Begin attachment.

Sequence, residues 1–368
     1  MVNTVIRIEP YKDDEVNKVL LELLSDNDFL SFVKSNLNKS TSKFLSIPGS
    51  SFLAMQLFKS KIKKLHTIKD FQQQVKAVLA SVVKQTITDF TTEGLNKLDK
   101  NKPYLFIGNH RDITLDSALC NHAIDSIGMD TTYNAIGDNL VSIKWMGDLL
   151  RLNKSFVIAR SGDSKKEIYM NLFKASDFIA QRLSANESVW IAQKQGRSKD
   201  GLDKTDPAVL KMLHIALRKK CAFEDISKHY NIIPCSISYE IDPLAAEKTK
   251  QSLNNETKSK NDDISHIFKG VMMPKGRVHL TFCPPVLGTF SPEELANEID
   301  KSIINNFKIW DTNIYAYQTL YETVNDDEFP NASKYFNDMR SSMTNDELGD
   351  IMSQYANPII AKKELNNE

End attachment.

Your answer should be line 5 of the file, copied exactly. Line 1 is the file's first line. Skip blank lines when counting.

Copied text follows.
   151  RLNKSFVIAR SGDSKKEIYM NLFKASDFIA QRLSANESVW IAQKQGRSKD